The track record of resurrecting old airline names is poor, with multiple repeat failures
As of the publication of this blog entry, I note that my ATW colleague Kathy Young’s “Time Capsule” is titled “Eastern Renewal”, and discusses the efforts that are planned to get this historic name back onto the airways in the U.S. This begs the question, however, of why there is an interest in doing this.
In recent times, there has been shrinkage in the number of U.S. major carriers; the remaining six large legacy carriers have coalesced into the “Big Three”, for example. At the same time, it’s hard to argue that there are many places with large traffic bases in the U.S. that are significantly underserved. Yes, several hubs either have been, or are in the process of, being downgraded or eliminated (Cincinnati, Cleveland, Memphis), but it is doubtful that any white knights are likely to appear and save these cities from their present distress.
So, there are effectively two concerns about the combination of start-up airlines and old airline names. One answer, of course, is nostalgia. These carriers were, generally both industry pioneers and in many cases, industry giants. Eastern was one of the original “Big Four” carriers (American, TWA and United being the others); Pan American was noted as the brand whose recognition was exceeded globally only by Coca-Cola.
Nostalgia is one factor. Even though both of these airlines left the scene over twenty years ago, in 1991, there are still a number of former employees that would like to be able to resurrect their old employers and thereby eliminate some of the pain and stigma associated with their demise. What this generally doesn’t take into account is that the economically-desirable characteristics of the historic carriers have, in virtually all cases, been taken over by other entities. Eastern’s Shuttle is now effectively at American, via US Airways; AA now also dominates EA’s Miami headquarters’ market. Pan Am’s former Pacific route system has been at United for almost three decades now;, they were followed by PA’s former slots at London Heathrow.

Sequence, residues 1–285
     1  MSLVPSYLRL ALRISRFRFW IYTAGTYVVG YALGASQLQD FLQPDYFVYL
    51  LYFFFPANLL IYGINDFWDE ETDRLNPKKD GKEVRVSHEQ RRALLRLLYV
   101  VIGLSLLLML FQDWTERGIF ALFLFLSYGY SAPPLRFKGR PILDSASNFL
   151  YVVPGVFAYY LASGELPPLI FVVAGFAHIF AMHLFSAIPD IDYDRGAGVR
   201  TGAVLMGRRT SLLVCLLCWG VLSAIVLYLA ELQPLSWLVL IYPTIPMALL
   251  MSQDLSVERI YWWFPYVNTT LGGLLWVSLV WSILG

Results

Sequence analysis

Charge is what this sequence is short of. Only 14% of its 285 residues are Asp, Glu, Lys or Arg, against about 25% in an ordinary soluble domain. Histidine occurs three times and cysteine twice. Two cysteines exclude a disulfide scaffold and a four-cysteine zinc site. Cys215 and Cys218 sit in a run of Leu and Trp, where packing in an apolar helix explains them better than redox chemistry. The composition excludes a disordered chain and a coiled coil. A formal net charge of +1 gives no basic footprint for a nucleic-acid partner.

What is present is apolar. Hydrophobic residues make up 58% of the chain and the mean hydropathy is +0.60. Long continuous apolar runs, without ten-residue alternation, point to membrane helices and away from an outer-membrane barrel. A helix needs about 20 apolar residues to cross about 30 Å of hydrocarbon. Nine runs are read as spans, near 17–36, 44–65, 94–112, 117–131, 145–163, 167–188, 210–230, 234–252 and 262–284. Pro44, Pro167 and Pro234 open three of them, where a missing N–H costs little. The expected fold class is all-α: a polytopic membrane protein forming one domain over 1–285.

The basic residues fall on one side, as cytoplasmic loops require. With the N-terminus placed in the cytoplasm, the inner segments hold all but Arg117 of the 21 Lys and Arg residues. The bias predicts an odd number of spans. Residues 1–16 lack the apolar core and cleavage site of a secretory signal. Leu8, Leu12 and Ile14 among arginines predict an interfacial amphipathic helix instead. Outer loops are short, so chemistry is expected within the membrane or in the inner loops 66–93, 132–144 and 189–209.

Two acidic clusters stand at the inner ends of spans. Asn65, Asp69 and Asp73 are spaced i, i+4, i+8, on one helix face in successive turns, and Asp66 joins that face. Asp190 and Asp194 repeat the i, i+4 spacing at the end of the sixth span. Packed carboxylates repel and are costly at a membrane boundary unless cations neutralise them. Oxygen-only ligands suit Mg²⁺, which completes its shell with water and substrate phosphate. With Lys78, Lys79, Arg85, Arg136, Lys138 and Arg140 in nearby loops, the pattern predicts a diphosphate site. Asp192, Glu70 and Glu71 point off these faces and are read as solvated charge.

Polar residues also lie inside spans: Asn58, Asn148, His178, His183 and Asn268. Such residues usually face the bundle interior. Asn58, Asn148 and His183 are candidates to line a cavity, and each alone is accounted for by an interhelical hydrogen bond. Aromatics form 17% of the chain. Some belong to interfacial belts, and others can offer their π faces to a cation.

It’s not that name re-cycling hasn’t been tried; thus far, however, it’s difficult to point to any successful application of this tactic. The first large carrier to fail following U.S. Deregulation, Braniff, has been re-incarnated twice. Both also failed. The Pan Am name has had a stranger afterlife career. It has been used by carriers operating in low-cost/niche markets, as well as a now-defunct regional/commuter carrier. It now adorns railway equipment for what was, essentially, the Boston & Maine and Maine Central Railroads; interestingly, these two were the founders of what became Northeast Airlines.
Another name, Midway, has been used for two different post-Deregulation startups. The original, headquartered at and serving principally Chicago’s Midway Airport failed after trying to open a second hub at Philadelphia; the second version moved from Chicago to North Carolina, and also failed. Taking a less-known name from the relatively distant (1967) past, Panagra operated charter services based in Florida, but also no longer exists.
An exception that has fared better to date is the second iteration of Frontier, although it has recently been sold by Republic to a new management team, and is now in the process of recasting itself as an “Ultra low-cost” carrier. The entity that acquired the original Frontier, PeoplExpress Airlines, is in the process of attempting to re-launch itself; thus far it can be seen on Facebook and Twitter, but not yet in the skies. Over the years, I’ve run across multiple entities interested in bringing TWA back from the dead, as well, but haven’t spotted any at the airport.
It’s not difficult to understand that their proponents want to have another shot at the airline business, and maybe, in the process, to right some previous wrongs, but it’s also easy to understand why money to finance these efforts in what is now a fairly mature industry might not be readily forthcoming. A lot more than just a well-known name/brand is necessary to succeed in any business, not just airlines, and “the lowest fares in the air” are probably more likely to accrue to the benefit of travelers than investors.
And finally, what might the prospects for the new Eastern be? Kathy sums this up well: “We wish the new Eastern well should it gain approval. Wearing the Eastern logo will require a lot of gumption.” Time will tell, but I suspect that the winning bet won’t be on long-term success.